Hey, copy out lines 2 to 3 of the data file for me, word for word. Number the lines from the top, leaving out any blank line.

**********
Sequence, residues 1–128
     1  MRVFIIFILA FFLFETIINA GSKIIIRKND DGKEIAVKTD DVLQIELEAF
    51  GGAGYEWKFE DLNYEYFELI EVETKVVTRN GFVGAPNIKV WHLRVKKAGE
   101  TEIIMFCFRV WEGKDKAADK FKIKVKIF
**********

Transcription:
     1  MRVFIIFILA FFLFETIINA GSKIIIRKND DGKEIAVKTD DVLQIELEAF
    51  GGAGYEWKFE DLNYEYFELI EVETKVVTRN GFVGAPNIKV WHLRVKKAGE